There are many issues that are specific to certain types of properties, but here are a few general issues to be aware of and investigate:
- Property taxes
- Legal access
- Environmental hazards
- Adjacent properties
- Owner financing
- Zoning, covenants, and restrictions
- Perc testing
- Clear boundaries
- Land history
- Building time
- Closing time
- Water features
- Mineral, water, and timber rights
If you're looking to buy land, you’re in luck. There are multiple ways to find land for sale. In the modern age, the way most people start searching is online. Finding land near you online to browse hundreds of thousands of land listings, is the ideal way to search for land online. You can search for properties on a map as well as filter and sort properties by type, tag, price, size, keywords, and more.
Another way to find land is to enlist the help of a real estate agent. Fortunately, there are dedicated land brokers, and even specialists in land types, like agriculture and recreation. There’s a specific accreditation also called an Accredited Land Consultant that represents deep expertise of land.
Not all land for sale is listed online, and there are still even times when there’s just a sign posted. Land agents not only have expertise when it comes to land, but also local knowledge of the area they work in. An agent can also help with land price negotiation, paperwork, and other pieces of the land buying process.
If you’re looking for a real estate agent, you can find a land agent near you in our agent directory.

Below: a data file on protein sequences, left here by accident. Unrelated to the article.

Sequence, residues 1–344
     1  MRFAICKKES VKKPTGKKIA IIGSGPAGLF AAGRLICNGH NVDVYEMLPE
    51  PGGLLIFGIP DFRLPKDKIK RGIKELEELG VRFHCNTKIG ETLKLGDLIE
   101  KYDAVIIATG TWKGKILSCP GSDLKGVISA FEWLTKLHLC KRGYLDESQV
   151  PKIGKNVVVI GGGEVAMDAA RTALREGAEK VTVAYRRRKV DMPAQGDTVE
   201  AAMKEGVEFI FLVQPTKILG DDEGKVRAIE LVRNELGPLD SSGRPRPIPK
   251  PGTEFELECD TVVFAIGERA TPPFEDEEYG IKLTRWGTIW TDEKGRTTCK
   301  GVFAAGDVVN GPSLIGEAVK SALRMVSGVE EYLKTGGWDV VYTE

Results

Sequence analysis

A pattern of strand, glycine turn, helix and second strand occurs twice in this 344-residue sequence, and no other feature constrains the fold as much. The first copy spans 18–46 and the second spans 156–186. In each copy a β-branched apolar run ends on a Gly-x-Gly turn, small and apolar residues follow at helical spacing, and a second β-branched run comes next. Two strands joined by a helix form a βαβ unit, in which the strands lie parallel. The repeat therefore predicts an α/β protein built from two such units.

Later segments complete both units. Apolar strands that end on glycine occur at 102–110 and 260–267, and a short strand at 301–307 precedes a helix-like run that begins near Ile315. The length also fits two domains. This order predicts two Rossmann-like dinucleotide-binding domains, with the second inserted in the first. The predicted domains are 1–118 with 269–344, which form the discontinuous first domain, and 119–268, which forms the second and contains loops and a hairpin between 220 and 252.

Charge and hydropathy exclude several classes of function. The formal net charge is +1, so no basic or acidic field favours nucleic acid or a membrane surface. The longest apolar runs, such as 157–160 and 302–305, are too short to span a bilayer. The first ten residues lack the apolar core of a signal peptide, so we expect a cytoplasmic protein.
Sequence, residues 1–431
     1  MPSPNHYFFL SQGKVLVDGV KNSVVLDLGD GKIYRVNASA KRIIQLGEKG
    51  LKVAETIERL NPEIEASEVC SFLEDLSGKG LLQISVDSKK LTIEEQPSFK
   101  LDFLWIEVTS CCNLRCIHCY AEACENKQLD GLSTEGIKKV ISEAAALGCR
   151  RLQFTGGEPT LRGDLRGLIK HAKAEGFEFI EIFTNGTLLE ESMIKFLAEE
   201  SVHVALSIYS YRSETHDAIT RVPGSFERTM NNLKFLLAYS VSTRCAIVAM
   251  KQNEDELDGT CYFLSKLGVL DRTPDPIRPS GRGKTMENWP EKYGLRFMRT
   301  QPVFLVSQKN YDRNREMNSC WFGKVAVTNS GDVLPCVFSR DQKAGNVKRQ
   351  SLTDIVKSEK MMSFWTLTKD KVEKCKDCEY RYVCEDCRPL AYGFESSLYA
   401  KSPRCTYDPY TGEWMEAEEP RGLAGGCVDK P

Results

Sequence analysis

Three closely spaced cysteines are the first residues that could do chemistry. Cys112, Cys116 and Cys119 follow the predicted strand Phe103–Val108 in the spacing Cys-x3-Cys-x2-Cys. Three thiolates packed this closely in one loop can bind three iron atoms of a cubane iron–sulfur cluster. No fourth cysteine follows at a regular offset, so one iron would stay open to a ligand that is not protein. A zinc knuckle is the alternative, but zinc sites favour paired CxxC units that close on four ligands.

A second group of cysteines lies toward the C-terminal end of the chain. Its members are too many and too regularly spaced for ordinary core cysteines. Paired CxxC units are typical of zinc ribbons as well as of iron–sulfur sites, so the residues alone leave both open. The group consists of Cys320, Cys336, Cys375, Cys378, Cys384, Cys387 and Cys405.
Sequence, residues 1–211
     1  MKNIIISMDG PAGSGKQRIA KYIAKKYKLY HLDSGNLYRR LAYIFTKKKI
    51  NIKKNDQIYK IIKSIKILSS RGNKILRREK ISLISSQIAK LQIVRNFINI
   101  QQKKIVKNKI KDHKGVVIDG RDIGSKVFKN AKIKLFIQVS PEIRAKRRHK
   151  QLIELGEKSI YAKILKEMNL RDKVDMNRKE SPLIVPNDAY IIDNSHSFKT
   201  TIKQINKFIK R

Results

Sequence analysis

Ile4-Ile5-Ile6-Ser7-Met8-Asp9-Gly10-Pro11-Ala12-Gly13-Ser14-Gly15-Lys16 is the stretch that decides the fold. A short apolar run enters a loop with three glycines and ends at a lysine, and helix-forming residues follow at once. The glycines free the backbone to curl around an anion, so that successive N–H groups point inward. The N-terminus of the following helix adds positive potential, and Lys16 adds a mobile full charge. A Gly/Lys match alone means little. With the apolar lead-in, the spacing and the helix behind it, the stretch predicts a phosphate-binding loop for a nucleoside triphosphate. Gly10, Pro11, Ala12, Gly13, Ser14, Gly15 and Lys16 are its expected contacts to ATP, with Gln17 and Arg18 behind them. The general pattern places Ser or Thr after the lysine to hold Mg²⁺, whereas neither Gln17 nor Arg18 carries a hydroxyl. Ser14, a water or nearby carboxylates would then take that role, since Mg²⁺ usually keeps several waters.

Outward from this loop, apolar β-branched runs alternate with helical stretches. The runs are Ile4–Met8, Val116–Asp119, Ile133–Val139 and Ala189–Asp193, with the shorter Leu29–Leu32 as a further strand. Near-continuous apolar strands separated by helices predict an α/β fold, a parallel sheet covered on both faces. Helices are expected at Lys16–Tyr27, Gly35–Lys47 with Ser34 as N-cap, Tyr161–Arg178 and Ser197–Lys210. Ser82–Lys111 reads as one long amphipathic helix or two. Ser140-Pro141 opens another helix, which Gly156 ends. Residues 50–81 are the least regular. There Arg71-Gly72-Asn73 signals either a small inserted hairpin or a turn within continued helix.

The recommended and most common way to purchase land is with cash.
Not everyone has enough cash on hand to buy land outright. This doesn’t have to stop you from purchasing land. You can get a land loan. It’s important to note, though, that getting a loan to buy land is different than a traditional mortgage on a house. Generally, lenders view vacant land as a higher risk, since there’s not a structure that provides additional value if they have to turn around and sell it to recoup their investment.
The good news is there are institutions that specialize in land loans and want to help. As a rule, buying land with financing comes with a higher down payment and interest rate. To learn more, take a look at our post detailing how to finance your land purchase and explore our land loan calculator.
Another common financing option is owner financing. This is particularly common when it comes to land. Owner financing is when the seller essentially loans you the money to buy the land instead of a bank. After you negotiate the terms to buy the property, you’ll make payments directly to the seller. If you’re interested, read our article discussing owner financing when buying land.
Assuming you can check all the boxes so far, it’s time to make an offer to buy the land. This is normally a document containing information such as the price you're willing to pay and any contingencies like a land survey, environmental test, and more. It’ll also include land purchase terms like who pays closing costs. Hopefully, they’ll accept your offer, but they could come back with a counteroffer.
Once an offer is accepted and financing is secured, you can close on the land purchase. Closing is just another way of stating the sale is finalized. Once you close, congratulations, you’ve just successfully become a landowner.
Buying land is an exciting opportunity but should be approached with caution. It can be more complicated than you think. Still, this shouldn’t scare you off. Thousands of people just like you make wise decisions to buy land every year. We hope this step-by-step guide detailing how to buy land will be helpful to you and if you’re looking to buy land, browse land for sale near you.